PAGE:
It is much more difficult to remove than the case screws.

“The screw you will need to remove is the number 7 on the picture below (needless to say by doing this your warranty will be voided).

  1. “Once that’s done, boot the chromebook back into ChromeOS”

  2. “Press Ctrl + alt + F2 to open up a shell”

  3. “At the ChromeOS login prompt, type chronos and hit Enter”

  4. Next, as opposed to what the Opensuse 13.2 post mentioned, do NOT “sudo bash”. The next step must be run as user (not root).

cd; rm -f; curl -O; sudo -E bash

(I think Option 4 of this script (sudo -E bash is where I was able to do the coreboot dump. If you do that, just run sudo -E bash again to do the actual flash (Option 5)

I selected Option 5, Full ROM, and needed to type some answers verbatum.
“If this bricks my peppy, on my head be it!” – No quotes of course. That was funny!

  1. Put in the Leap 42.2 Installation USB Stick. Power down, need to hold power for 8 seconds - that is normal for this Chromebook power off timing.

  2. Power on by holding power for about 2 seconds then hit ESC to get to the boot menu. Sometimes it is hard to time it, so if you miss it, just hold power button for 8 seconds to power off, then retry. It took me a few times to get the timing.

  3. From the boot menu, select USB (Option 2) boot.

  4. Leap splash screen loads instantly. Optionally Set Video (F3 (Refresh button). Select Installation.

  5. Partitions. The disk is checked during the installation process. My “new” drives" had some partitions on them, because I did a chromeos install on them first.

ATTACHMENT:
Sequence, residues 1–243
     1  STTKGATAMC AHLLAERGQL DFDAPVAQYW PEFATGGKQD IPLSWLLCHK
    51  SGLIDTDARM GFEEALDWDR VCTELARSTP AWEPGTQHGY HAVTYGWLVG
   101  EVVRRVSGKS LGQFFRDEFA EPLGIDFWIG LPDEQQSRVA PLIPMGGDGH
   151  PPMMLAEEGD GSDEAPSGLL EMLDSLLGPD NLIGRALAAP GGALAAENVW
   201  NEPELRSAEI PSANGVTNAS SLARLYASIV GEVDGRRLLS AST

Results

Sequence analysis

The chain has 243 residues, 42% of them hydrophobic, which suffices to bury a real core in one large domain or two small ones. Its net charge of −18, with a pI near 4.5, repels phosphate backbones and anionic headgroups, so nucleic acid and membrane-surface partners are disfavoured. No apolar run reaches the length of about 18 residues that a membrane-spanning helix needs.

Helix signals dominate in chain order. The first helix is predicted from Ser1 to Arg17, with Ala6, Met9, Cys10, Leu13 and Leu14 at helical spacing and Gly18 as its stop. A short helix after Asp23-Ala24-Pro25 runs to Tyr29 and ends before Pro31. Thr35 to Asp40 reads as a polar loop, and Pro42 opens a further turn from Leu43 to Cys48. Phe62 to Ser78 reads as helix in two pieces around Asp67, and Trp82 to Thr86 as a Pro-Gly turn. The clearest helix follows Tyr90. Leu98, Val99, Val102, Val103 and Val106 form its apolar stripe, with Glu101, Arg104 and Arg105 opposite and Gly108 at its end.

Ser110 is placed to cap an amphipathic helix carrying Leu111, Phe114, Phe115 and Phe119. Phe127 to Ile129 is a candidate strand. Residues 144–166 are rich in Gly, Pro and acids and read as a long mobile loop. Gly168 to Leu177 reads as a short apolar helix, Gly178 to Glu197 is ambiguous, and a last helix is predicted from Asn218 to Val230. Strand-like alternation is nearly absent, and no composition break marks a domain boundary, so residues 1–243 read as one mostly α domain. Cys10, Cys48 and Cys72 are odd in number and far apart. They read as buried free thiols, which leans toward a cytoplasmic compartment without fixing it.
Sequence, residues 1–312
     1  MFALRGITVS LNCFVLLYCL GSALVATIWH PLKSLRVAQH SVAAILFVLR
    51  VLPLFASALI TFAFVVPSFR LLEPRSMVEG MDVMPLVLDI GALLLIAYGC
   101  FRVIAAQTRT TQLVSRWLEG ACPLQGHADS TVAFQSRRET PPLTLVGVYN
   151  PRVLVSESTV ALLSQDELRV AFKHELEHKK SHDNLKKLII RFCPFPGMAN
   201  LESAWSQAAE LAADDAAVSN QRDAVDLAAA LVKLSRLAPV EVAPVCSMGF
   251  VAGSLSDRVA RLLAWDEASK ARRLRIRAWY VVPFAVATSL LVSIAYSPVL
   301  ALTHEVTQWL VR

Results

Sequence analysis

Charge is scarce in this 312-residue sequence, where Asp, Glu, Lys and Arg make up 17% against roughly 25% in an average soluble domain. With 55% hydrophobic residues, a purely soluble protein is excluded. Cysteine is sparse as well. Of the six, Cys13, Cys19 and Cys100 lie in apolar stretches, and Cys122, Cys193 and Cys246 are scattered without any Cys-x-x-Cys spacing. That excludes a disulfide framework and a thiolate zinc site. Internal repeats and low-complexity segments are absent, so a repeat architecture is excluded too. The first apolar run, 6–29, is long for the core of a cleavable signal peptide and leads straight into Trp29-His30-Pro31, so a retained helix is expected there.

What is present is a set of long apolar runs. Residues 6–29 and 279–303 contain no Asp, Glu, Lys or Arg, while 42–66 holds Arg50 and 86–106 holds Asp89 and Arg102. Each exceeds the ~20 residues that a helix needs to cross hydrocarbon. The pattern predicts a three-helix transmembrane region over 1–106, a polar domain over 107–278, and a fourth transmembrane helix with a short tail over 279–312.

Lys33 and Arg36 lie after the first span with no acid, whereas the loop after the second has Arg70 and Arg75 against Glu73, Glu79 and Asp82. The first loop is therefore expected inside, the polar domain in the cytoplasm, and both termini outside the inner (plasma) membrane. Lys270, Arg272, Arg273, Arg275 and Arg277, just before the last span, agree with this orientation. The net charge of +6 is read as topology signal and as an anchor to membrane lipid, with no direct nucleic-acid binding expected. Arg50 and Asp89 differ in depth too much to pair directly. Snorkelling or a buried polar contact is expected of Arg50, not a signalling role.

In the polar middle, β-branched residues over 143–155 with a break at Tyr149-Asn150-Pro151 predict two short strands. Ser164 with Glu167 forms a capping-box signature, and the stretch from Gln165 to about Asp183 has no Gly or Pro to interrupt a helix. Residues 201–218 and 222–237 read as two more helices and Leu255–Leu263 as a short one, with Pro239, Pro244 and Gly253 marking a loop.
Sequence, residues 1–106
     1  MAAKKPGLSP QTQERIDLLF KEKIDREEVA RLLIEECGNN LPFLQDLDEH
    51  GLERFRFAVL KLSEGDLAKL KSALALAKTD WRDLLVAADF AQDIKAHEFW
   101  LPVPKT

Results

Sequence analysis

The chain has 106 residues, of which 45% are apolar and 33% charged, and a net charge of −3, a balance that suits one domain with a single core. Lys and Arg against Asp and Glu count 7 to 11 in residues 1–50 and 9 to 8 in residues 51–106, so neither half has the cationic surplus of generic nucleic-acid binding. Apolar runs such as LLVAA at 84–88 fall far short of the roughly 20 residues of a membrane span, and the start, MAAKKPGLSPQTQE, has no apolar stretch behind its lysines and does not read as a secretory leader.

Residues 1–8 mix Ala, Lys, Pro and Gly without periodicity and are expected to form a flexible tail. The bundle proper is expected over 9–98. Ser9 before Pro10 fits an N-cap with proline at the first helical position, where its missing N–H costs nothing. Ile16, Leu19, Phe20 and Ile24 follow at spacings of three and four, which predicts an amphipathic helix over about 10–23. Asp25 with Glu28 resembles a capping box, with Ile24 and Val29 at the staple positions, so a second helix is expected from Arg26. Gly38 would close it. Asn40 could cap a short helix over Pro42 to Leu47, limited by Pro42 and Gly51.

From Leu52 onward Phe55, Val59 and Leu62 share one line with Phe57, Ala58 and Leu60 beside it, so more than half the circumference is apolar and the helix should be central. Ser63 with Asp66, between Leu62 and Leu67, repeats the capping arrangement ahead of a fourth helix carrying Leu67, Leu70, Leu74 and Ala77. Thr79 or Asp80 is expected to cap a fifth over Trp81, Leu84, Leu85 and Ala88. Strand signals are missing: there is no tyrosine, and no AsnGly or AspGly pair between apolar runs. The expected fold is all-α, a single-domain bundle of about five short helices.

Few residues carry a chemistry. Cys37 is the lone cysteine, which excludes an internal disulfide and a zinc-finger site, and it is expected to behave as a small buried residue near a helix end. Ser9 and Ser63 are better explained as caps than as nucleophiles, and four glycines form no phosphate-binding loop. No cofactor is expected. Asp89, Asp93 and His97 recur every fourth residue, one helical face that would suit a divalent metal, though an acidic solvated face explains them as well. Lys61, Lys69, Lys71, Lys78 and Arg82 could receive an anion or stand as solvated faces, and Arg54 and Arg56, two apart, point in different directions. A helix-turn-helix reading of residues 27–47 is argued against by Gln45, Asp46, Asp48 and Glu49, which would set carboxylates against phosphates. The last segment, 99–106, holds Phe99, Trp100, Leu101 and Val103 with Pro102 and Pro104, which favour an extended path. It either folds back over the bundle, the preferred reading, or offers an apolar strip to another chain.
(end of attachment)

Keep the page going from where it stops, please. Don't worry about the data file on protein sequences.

If the suggested partition setup shows ANY partitions to be removed, then do the following, otherwise you should be able to accept the suggested setup.

If so, it is best to go into Expert in the Partition utility and delete each partition. Then add (at least) these:
Add #1 - 7.84 MB, RAW, (no format) BIOS GRUB
Add #2 - 2 GB as swap
Add #3 - 109.78 GB (remaining amount) as Operating System, Btrfs, mount as /

  1. Continue with Installation.

My package installation (I selected KDE) ran from 10:35 to 10:47, 12 minutes.

After installation completes, Leap re-boots.

  1. I logged in and ran

  2. KGPG add key. Network Manager uses the kwallet which is why I added my GPG key, and use GPG for my wallet

  3. Using NetworkManager (lower right hand of desktop in the tray) Connected to my wireless network (WPA).

  4. Run Yast Online Update. This takes a while as there are many updates to download and install.

  5. To Fix the Hotkeys you will need to add the X11 utils repo